My passion for animal welfare has taken me on journeys to some unusual places including a sun bear sanctuary in Cambodia. During a visit to the United Kingdom, I took the opportunity to do a ‘behind the scenes’ tour of the Battersea Dogs and Cats Home in South West London. The Battersea Dogs and Cats Home tours are a new initiative following a popular TV series, Paul O’Grady: For the Love of Dogs, to engage the community about adoption.
After wandering through the dog kennels and cattery, I joined the tour which started with a brief history of the Battersea Dogs and Cats Home. The Home is the oldest animal shelter in the United Kingdom and probably in the world. It has taken in over 3 million dogs and cats since it was founded in 1860 by Mrs Mary Tealby when it was then known as The Temporary Home for Lost and Starving Dogs. In 1862, Charles Dickens became the first celebrity supporter by writing an article about the Home in his newspaper.
The tour moved on to the exercise yard where a well socialised Border Collie, Jack, was brought out to meet us. The exercise yard has the dramatic backdrop of the Battersea power station. Jack had been surrendered because his owners had separated and unfortunately no one could look after him.
Battersea Dogs and Cats Home tour highlight
Next was the highlight of the tour! There was a dog agility demonstration by Oakley, a delightful Cocker Spaniel and former resident of Battersea Dogs and Cats Home. Oakley is a great example of what shelter dogs can do.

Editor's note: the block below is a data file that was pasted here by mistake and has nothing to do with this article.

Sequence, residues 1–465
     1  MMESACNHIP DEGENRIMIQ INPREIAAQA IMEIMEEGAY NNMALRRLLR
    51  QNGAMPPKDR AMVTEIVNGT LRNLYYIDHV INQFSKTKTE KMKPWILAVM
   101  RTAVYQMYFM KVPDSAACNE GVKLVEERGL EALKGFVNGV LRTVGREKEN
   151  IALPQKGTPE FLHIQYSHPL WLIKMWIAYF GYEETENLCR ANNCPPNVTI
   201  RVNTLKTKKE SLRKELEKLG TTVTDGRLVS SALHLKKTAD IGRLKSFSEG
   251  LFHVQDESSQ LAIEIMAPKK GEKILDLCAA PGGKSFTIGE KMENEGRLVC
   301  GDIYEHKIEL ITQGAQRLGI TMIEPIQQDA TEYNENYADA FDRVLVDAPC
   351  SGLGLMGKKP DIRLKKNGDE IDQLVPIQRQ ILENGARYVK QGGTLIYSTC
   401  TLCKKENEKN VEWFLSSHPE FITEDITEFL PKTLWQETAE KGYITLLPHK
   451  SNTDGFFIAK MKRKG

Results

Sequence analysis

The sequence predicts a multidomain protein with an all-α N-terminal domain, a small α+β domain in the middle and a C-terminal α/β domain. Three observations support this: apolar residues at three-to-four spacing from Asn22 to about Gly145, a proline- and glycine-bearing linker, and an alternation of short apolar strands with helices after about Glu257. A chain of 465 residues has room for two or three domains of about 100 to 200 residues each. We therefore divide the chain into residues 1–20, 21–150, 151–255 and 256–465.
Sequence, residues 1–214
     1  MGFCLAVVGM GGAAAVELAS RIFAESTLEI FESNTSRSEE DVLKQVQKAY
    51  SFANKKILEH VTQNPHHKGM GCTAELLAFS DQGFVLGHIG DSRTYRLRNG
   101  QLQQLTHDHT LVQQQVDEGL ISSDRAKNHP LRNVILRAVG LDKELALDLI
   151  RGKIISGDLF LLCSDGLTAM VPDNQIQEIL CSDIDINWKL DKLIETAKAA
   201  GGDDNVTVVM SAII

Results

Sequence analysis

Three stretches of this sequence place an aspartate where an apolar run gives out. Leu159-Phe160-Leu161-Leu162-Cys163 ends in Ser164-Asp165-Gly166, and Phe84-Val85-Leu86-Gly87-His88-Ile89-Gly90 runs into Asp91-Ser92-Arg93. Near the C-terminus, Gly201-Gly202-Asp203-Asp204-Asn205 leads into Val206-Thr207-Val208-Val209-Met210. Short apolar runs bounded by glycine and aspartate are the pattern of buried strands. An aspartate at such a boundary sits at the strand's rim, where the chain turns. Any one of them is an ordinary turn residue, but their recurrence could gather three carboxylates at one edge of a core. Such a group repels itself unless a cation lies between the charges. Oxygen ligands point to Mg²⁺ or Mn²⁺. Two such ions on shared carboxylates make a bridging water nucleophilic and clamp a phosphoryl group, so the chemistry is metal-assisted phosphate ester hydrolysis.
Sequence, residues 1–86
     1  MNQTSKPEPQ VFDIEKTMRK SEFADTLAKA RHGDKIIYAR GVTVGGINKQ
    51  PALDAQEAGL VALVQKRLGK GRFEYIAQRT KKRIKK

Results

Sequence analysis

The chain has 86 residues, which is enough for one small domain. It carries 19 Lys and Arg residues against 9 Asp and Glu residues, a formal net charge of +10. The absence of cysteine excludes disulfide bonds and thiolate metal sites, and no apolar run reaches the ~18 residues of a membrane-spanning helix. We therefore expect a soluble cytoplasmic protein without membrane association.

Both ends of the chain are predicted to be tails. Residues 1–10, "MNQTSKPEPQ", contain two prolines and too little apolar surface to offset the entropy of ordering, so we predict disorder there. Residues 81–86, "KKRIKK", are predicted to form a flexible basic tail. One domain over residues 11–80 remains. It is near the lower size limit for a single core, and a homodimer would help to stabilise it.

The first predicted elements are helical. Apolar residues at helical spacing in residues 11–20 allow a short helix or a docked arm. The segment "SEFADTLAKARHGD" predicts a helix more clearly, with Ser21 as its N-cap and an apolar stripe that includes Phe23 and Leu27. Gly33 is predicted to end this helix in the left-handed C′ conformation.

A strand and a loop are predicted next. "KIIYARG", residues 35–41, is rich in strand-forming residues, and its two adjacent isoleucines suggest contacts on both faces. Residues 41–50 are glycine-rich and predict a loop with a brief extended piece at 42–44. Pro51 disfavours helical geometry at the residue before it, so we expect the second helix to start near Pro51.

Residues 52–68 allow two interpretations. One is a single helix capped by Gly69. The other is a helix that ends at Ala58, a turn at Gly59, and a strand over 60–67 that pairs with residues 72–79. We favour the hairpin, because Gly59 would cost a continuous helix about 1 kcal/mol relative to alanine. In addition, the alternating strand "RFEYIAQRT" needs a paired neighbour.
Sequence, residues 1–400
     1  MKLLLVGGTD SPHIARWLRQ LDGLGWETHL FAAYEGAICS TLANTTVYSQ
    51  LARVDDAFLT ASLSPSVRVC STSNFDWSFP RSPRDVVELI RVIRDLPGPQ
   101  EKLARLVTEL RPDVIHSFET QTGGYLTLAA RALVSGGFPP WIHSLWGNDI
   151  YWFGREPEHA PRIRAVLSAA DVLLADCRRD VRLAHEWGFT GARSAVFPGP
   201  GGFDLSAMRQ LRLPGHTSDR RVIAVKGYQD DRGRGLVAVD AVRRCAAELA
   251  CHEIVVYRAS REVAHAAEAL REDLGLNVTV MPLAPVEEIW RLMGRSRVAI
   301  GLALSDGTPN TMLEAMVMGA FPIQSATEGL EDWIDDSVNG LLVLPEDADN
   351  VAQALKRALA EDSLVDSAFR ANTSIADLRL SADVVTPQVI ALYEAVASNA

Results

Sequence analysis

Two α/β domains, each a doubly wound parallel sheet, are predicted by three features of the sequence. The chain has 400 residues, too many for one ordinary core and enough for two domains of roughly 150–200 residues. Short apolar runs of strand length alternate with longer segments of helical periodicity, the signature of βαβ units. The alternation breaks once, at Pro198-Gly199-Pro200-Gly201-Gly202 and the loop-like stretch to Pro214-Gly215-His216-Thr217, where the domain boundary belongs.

During the tour, we learned that 7,000 dogs and 3,000 cats a year are cared for by the Home. At any one time it has around 450 dogs and 150 cats across its three sites, and there is a waiting list as the kennels and cattery are usually full. There is no time limit for the animals.
Currently, the Staffordshire Bull Terrier is the most common breed surrendered to Battersea. Sadly more Staffordshire Bull Terriers are being purchased by youths as status dogs without the knowledge of how to handle and care for the animal. Battersea has launched the “Staffies, they’re softer than you think” campaign to educate the community and encourage the adoption of these dogs.
Battersea Dogs and Cats Home has seen a 40 percent increase in the number of ‘handbag’ dogs coming through its doors in 2012, with many suffering from behavioural issues after being mollycoddled by their owners.
Because the Home is not selective about the dogs they take in, they often see animals with deep-rooted behavioural issues and serious medical problems. In certain cases, these animals are euthanised.
Battersea Dogs and Cats Home was the first animal welfare organisation in the United Kingdom to establish a dedicated Behaviour Unit and a Behaviour Advice Line to help pet owners. Battersea receives nearly 7,000 reports every year to its Lost Dogs & Cats Line.
More about Battersea.